System Type and Height: Normal Profile Simple Catenary, Low Profile Simple Catenary, or Single Wire?

Simple catenary refers to the system you see on most of the Expo Line, Blue Line, Gold Line, and Green Lines. This system has two wires, called the messenger wire and contact wire. The messenger wire is the upper wire and is more visibly parabola-shaped than the contact wire, which, as the name suggests, is the wire the train’s pantograph touches. The system height refers to the vertical distance between the messenger wire and the contact wire at the poles.

A normal profile simple catenary system might have a system height of 4’. This lets you maximize the distance between poles (the span length) based on other factors like wind loading and track curvature, without worrying about maintaining separation between the messenger wire and the contact wire. So why aren’t all systems normal profile simple catenary? Because people have decided they’re visually unappealing.

A normal profile simple catenary system takes up a lot of your field of vision and has long hangers connecting the messenger wire to the contact wire. To reduce the visual impact, you can use low profile simple catenary. This has a lower system height – say 2’. This reduces the visual impact of the wires, but because the messenger wire and contact wire start out closer at the poles, they’ll get close to each other sooner, and you can’t space the poles as far apart.

Thank goodness the OCS doesn’t block too much of the view of the LADWP power lines on the other side of the tracks, right?

As an example of pole spacing, here’s a straightaway on normal profile OCS on the Blue Line with poles at 180’, and one on the Green Line with poles at 220’. Meanwhile, the straightaways on the Expo Line’s low profile OCS max out at about 140’.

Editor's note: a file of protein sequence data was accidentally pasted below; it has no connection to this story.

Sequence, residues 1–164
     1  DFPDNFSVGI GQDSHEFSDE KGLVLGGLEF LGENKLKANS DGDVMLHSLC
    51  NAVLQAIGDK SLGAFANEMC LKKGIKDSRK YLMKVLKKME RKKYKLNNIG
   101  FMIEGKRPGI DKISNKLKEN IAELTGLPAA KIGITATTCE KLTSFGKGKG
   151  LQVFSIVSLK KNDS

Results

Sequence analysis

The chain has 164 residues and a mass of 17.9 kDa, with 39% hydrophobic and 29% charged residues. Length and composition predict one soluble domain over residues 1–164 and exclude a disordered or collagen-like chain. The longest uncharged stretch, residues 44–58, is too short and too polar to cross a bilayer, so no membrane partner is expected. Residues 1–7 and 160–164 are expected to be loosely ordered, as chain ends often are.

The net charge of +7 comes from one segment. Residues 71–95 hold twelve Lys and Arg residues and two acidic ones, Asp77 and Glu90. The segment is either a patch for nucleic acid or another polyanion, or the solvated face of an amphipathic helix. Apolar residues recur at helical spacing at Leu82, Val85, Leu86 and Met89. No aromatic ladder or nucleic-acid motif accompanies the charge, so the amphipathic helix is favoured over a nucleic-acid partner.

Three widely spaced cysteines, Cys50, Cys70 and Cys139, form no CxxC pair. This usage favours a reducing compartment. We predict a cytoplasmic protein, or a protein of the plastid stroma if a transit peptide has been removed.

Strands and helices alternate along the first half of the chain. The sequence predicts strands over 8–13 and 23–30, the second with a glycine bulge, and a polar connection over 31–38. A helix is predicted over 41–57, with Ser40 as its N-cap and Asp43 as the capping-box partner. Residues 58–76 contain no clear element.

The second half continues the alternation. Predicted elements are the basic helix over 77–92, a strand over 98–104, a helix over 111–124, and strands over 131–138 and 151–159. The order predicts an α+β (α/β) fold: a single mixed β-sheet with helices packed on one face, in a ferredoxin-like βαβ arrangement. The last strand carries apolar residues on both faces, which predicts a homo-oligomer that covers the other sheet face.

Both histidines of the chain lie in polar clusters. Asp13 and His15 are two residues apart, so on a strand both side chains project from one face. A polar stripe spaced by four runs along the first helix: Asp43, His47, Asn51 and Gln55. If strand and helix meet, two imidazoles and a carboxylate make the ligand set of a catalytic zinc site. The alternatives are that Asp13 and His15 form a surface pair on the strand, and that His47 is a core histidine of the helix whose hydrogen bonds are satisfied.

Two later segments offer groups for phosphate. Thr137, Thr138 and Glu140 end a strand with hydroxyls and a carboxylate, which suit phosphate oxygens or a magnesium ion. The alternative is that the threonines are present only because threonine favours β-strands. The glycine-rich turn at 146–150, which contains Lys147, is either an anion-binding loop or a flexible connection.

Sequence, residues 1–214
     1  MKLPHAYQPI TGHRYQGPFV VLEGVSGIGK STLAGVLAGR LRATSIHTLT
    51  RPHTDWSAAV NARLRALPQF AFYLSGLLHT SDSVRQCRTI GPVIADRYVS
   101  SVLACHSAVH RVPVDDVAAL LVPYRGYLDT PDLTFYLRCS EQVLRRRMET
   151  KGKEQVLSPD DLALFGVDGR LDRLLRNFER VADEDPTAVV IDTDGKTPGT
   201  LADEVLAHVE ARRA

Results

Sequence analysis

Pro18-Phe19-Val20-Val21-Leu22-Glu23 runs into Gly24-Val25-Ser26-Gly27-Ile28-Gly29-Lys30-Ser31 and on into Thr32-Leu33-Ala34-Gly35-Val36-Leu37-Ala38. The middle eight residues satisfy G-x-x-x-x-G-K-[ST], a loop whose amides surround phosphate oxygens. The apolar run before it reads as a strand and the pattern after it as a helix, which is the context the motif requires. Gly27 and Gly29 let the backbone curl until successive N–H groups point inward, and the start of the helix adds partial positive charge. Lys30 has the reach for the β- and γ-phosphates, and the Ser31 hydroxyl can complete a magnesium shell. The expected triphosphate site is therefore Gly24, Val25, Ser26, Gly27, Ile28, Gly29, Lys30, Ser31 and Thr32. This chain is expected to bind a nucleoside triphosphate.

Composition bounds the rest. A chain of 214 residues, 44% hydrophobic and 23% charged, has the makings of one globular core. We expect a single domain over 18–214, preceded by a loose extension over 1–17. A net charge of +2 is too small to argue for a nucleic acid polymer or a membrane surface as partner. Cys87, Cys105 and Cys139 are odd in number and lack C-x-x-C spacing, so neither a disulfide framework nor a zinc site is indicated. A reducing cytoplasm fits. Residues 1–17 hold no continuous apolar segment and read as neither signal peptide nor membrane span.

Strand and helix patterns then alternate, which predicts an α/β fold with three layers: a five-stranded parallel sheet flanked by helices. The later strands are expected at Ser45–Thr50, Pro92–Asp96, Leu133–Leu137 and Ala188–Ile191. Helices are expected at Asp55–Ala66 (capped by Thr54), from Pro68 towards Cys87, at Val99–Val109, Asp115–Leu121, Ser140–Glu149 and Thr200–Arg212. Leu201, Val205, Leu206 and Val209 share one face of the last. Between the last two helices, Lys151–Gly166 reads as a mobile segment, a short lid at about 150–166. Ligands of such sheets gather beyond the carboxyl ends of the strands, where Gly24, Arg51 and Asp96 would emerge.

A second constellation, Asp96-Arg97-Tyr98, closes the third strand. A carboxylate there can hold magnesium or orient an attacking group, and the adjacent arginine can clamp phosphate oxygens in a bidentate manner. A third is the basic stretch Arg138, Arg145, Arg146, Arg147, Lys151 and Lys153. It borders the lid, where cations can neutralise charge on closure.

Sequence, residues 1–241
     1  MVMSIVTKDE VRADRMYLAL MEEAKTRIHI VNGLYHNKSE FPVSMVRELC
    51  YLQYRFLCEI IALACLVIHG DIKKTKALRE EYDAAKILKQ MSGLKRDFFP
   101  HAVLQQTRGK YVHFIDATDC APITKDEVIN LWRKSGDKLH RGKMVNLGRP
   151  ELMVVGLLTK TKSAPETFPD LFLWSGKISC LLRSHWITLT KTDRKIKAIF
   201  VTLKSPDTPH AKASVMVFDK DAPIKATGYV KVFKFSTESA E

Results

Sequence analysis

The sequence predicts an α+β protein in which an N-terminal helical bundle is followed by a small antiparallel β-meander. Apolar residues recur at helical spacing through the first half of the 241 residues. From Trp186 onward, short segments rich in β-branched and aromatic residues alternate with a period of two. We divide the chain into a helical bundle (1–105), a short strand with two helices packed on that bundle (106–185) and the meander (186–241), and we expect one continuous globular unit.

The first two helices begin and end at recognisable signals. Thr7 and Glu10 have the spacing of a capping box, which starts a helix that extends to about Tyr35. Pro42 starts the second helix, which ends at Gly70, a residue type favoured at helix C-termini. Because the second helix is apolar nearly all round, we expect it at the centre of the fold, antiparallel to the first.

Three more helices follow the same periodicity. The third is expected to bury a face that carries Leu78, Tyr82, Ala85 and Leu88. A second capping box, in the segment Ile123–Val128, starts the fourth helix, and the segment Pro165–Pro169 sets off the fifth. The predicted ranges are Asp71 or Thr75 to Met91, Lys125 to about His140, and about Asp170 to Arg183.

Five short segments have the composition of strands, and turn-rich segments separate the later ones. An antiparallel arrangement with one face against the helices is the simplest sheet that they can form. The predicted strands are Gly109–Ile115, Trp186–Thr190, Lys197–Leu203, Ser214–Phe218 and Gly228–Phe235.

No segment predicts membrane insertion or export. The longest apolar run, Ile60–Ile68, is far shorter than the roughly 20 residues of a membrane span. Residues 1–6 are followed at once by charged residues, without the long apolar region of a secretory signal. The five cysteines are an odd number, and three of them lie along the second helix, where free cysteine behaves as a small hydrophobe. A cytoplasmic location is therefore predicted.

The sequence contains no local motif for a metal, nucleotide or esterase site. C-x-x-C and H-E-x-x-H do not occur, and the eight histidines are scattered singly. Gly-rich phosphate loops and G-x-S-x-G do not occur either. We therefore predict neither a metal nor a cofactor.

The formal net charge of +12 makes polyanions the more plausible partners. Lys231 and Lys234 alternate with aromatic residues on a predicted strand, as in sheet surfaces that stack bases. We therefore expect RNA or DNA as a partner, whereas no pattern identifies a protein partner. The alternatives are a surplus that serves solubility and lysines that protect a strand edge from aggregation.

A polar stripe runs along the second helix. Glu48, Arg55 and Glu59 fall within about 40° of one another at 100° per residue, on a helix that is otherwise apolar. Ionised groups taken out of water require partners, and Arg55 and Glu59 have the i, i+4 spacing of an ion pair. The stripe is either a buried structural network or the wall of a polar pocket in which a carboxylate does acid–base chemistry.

The main impact here as far as cost goes is that you need more poles, and pole foundations. As you can see, the comparison between the Green Line and Expo Line suggests a low profile system will need three poles for every two poles on normal profile system. That’s too high, because curves will still need closer pole spacing, as will special track work like crossovers. Nevertheless, using a low profile system can result in a considerable increase in OCS costs. The engineer should be able to give a rough idea of the impact of changing the system height for the project. The owner must decide if it’s worth the cost.

Finally, there is the single wire system. This is often the most preferred system by politicians and city boosters because it results in the fewest wires in the sky.

Naturally, single wire is also often the most expensive. The pole spacing is reduced because without the messenger wire, you need more supports to keep the contact wire on an acceptable profile. However, the hidden costs of single wire systems are worse. With only one wire in the air carrying current, there is not enough ampacity (ability to carry electricity) in the system. To avoid the need for additional substations, power must be supplied to the contact wire at shorter intervals, and this is done with electrical feeders in underground duct banks. This can add significant costs.

Single wire systems are most suitable for low speed services in touristy areas, which is why you often see them for streetcars. They’re also suitable for tunnels and other places with constrained vertical clearances, where the cost of feeder cables and additional supports is less than the cost of increasing the vertical clearance to accommodate a simple catenary system.

Poles: Wide-Flange, Tubular, or Ornamental?

This is again strictly an aesthetic decision. Wide-flange poles are, as the name suggests, wide-flange steel beams, the kind you can practically order off the shelf. That makes them cheap, because you just say you need so many W this by that members of lengths X, Y, and Z. They’re also very utilitarian and you rarely see them in urban contexts. Here they are in action on the Northeast Corridor, where it would be hard for anything to outdo the New Haven’s old rusty trusses with outside utility overbuild.